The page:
Many evangelical Christians are unaware that Lewis himself rejected the third and most popular view of the atonement commonly referred to as penal substitution. In his book Mere Christianity Lewis outlines his understanding of the position, as well as why he rejects it, as follows:

The one most people have heard is the one I mentioned before the one about our being let off because Christ had volunteered to bear a punishment instead of us. Now on the face of it that is a very silly theory. If God was prepared to let us off, why on earth did He not do so? And what possible point could there be in punishing an innocent person instead? None at all that I can see, if you are thinking of punishment in the police-court sense.

Significantly, Lewis almost argues himself back into the mainstream position when he immediately goes on to state:

On the other hand, if you think of a debt, there is plenty of point in a person who has some assets paying it on behalf of someone who has not. Or if you take 'paying the penalty', not in the sense of being punished, but in the more general sense of 'standing the racket' or 'footing the bill,' then, of course, it is a matter of common experience that, when one person has got himself into a hole, the trouble of getting him out usually falls on a kind friend.

Is it enough to say that Christ has paid the price for our sin "not in the sense of being punished" but rather in the more impersonal way of only "paying a bill"? The Bible clearly says that it's more much more! In both the Old and New Testament Jesus' death is explained as taking away the punishment, which we personally deserved. Just consider the following passages.

He was pierced for our transgression, He was crushed for our iniquities; the punishment that brought us peace was upon Him, and by His wounds we are healed. We all like sheep, have gone astray, each of us has turned to his own way; and the Lord has laid on Him the iniquity of us all.Isaiah 53:5-6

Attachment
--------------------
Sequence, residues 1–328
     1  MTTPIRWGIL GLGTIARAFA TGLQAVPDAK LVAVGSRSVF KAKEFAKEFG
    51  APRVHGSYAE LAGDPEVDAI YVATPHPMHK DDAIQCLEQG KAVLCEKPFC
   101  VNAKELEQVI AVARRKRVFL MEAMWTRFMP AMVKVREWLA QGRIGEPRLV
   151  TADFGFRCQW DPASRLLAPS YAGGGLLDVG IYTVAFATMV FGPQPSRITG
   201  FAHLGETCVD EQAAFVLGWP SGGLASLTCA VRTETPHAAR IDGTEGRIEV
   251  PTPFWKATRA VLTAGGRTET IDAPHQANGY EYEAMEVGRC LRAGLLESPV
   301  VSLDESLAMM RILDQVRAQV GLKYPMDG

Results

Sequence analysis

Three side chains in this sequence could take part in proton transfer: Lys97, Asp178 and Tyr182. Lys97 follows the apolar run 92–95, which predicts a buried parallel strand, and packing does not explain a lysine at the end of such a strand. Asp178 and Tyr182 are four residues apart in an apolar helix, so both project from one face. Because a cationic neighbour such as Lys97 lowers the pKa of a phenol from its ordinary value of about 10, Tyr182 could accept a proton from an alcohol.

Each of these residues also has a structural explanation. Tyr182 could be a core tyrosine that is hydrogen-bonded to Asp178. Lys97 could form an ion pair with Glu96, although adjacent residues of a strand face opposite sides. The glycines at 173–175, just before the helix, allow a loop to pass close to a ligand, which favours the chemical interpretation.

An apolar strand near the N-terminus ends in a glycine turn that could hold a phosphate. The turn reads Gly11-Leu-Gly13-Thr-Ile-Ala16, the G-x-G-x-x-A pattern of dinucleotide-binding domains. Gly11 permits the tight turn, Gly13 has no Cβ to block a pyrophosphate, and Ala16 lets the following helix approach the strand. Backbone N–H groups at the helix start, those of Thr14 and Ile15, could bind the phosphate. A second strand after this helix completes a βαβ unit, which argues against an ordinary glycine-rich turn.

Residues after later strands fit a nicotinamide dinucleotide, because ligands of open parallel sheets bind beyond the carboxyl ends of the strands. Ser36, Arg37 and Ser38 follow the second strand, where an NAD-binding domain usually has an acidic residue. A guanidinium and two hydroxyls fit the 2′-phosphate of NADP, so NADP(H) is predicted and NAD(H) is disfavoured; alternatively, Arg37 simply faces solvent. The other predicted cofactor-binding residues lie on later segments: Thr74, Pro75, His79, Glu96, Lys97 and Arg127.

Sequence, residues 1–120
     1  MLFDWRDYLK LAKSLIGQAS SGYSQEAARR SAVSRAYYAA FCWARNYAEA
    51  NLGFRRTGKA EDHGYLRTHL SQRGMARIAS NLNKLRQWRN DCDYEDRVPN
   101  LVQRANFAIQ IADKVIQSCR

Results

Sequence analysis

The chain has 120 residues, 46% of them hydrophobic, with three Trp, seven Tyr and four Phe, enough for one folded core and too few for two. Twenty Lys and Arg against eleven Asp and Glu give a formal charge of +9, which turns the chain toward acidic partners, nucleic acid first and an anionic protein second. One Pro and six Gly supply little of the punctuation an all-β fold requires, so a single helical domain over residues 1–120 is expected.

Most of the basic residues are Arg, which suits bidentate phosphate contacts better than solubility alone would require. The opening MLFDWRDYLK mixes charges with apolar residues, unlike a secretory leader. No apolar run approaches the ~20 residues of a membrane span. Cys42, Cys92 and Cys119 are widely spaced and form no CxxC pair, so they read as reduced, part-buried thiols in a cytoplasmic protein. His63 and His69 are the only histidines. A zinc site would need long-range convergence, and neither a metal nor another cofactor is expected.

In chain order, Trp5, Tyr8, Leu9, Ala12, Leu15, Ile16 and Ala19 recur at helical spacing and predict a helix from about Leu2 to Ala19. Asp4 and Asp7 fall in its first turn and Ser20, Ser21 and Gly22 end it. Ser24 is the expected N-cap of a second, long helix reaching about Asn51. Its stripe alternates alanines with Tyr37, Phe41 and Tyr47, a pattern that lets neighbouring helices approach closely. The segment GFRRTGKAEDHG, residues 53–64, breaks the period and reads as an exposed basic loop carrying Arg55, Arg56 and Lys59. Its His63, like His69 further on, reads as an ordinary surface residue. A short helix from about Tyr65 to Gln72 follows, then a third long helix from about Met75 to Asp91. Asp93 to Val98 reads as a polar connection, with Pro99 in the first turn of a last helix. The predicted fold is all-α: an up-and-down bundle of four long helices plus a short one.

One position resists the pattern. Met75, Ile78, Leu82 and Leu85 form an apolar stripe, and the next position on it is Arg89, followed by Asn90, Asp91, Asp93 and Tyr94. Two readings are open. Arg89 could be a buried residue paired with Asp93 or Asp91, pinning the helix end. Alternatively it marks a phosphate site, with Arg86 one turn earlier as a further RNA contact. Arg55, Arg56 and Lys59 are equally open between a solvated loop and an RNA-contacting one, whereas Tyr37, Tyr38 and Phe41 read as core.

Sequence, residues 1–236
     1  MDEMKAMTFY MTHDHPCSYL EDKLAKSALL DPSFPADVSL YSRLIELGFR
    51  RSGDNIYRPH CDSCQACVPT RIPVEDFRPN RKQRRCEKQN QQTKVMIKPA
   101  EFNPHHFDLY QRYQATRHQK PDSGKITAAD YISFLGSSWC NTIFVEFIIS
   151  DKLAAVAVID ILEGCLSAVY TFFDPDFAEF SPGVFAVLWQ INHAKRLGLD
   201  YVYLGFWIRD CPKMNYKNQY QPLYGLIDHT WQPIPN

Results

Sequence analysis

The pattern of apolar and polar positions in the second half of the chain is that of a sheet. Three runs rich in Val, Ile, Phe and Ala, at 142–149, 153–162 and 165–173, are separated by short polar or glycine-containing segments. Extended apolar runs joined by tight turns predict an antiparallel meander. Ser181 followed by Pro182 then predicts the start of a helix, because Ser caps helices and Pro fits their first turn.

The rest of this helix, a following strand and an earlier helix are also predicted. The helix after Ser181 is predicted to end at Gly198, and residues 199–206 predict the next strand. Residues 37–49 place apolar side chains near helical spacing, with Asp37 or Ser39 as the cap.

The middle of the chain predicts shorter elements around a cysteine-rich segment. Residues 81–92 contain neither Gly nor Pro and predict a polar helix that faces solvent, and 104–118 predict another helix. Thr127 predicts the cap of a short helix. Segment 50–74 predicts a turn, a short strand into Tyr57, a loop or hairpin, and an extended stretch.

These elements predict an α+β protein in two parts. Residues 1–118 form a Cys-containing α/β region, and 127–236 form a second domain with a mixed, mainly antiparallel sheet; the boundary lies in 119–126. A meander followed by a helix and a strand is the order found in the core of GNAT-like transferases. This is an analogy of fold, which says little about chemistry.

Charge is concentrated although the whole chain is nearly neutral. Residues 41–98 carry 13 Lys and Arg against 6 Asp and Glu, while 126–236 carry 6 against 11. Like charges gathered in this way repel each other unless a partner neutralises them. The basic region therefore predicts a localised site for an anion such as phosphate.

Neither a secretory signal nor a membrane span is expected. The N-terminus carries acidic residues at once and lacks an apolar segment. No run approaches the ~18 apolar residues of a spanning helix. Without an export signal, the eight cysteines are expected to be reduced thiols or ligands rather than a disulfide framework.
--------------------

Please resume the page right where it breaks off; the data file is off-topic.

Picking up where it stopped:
God made Him who had no sin to be sin for us, so that in Him we might become the righteousness of God.2 Corinthians 5:21

He Himself bore our sins in His body on the tree, so that we might die to sins and live for righteousness; by His wounds you have been healed.1 Peter 2:24

The so-called New Atheists, Richard Dawkins and the late Christopher Hitchens, as well as many even from within the Christian church, are vehemently opposed to the whole idea of God sending His Son as a substitute to die in our place. They even go as far as to say that this particular view is essentially the same as cosmic child abuse.

The objection is refuted when one remembers that Jesus went to the cross willingly. He did not take upon Himself our sin by accident but by freely laying it down. When understood like this, Jesus' death is the greatest act of love and sacrifice ever made.

Ultimately the problem anyone has in coming to appreciate what the cross has achieved is a spiritual one within the individual. On our own, without the illumination of God's Holy Spirit, it will always seem confusing and thus remain a mystery. As the apostle Paul says in 1 Corinthians 1:22-24,

Jews demand miraculous signs and Greeks look for wisdom, but we preach Christ crucified; a stumbling block to Jews and foolishness to Gentiles, but to those whom God has called, both Jews and Greeks, Christ the power of God and the wisdom of God.

What my brother-in-law needs then is not more instruction but rather for God to open his eyes to the meaning of the gospel. That he would see in Christ the perfect substitute for his sins. The One who paid the price the personal price for all the times he has failed to keep God's Law and that in exchange Jesus is also offering to him a righteous standing in heaven since his sin has been replaced with Christ's righteousness (see Zech. 3:3-4).